Lt. Gov. Jim Cawley got to see firsthand many of the training tools used by Hiram G. Andrews Center students on Thursday.
There were computers, kitchen utensils, a state-of-the-art 3D printer, an ergonomic right-handed keyboard and more.
But even after students use those tools to get an education, jobs can still be difficult to find, especially for those with disabilities, such as individuals at the Andrews center in Upper Yoder Township.
So the lieutenant governor also took some time to promote a program called Jobs for All, part of Gov. Tom Corbett’s JOBS1st PA agenda. The proposal would provide reimbursement for businesses that offer on-the-job-training. The first phase of the plan could help employers hire up to 1,000 young adults with disabilities.
“To make an investment like this is going to reap huge dividends down the road, so the governor understands that and that’s why he’s called for this investment in this year’s budget,” Cawley said. “We’re very hopeful that the Legislature is going to pass the budget and we’ll move on with implementing the plan as soon as possible.”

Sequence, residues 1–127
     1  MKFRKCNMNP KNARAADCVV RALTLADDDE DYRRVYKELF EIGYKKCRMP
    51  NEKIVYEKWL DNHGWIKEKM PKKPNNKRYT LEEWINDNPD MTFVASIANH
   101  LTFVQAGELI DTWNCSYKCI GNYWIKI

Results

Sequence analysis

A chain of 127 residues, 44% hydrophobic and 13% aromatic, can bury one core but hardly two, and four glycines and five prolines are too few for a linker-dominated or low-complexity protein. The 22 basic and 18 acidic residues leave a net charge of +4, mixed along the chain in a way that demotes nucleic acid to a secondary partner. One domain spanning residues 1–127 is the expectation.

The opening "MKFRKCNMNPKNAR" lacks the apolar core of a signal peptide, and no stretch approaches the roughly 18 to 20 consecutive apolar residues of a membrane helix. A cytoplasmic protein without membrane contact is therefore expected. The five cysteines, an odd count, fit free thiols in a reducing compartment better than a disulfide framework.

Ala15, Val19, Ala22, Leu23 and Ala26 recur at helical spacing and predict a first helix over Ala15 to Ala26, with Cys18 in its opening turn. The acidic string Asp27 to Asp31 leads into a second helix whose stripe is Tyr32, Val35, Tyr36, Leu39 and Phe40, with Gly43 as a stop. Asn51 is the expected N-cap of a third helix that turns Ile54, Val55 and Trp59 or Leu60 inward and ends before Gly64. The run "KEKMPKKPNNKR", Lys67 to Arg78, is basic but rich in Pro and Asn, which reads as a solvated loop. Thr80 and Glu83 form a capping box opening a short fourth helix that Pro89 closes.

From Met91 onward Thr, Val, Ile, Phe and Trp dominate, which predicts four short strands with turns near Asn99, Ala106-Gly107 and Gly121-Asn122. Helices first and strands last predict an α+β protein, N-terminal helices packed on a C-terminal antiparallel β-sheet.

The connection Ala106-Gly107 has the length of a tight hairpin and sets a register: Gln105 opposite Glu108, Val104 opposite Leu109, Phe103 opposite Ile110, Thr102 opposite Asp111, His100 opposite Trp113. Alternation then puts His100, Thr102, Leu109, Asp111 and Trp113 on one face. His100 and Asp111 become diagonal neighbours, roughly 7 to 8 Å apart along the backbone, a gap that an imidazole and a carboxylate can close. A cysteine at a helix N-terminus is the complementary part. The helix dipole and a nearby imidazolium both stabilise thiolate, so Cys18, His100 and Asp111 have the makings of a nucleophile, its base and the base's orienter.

He added, “Preparing people in order to be a part of the workforce is probably one of the best things that you can do regardless if they are individuals with disabilities or not.”
A $1 million investment by the state would allow for the drawdown of an additional $3.8 million in available federal funds, according to the lieutenant governor.
The project is part of Corbett’s proposed $29.4 billion 2014-15 budget.
“With this year’s budget, Gov. Corbett has put an emphasis on job training for those specific individuals from our population who need it the most, so that the education and the training that is provided here, at the Andrews center, can lead to greater opportunity for all of Pennsylvania, reaffirming our commitment to helping those very individuals, some of whom are here today, to find family-sustaining jobs and prepare them with the skills that the workforce and that the employers are expecting and require, that they truly be equipped to meet the demands of the 21st century workforce,” said Cawley, who is running unopposed for the Republican lieutenant governor nomination in this year’s primary.
Dave Sutor is a reporter for The Tribune-Democrat. Follow him on Twitter at twitter.com/Dave_Sutor.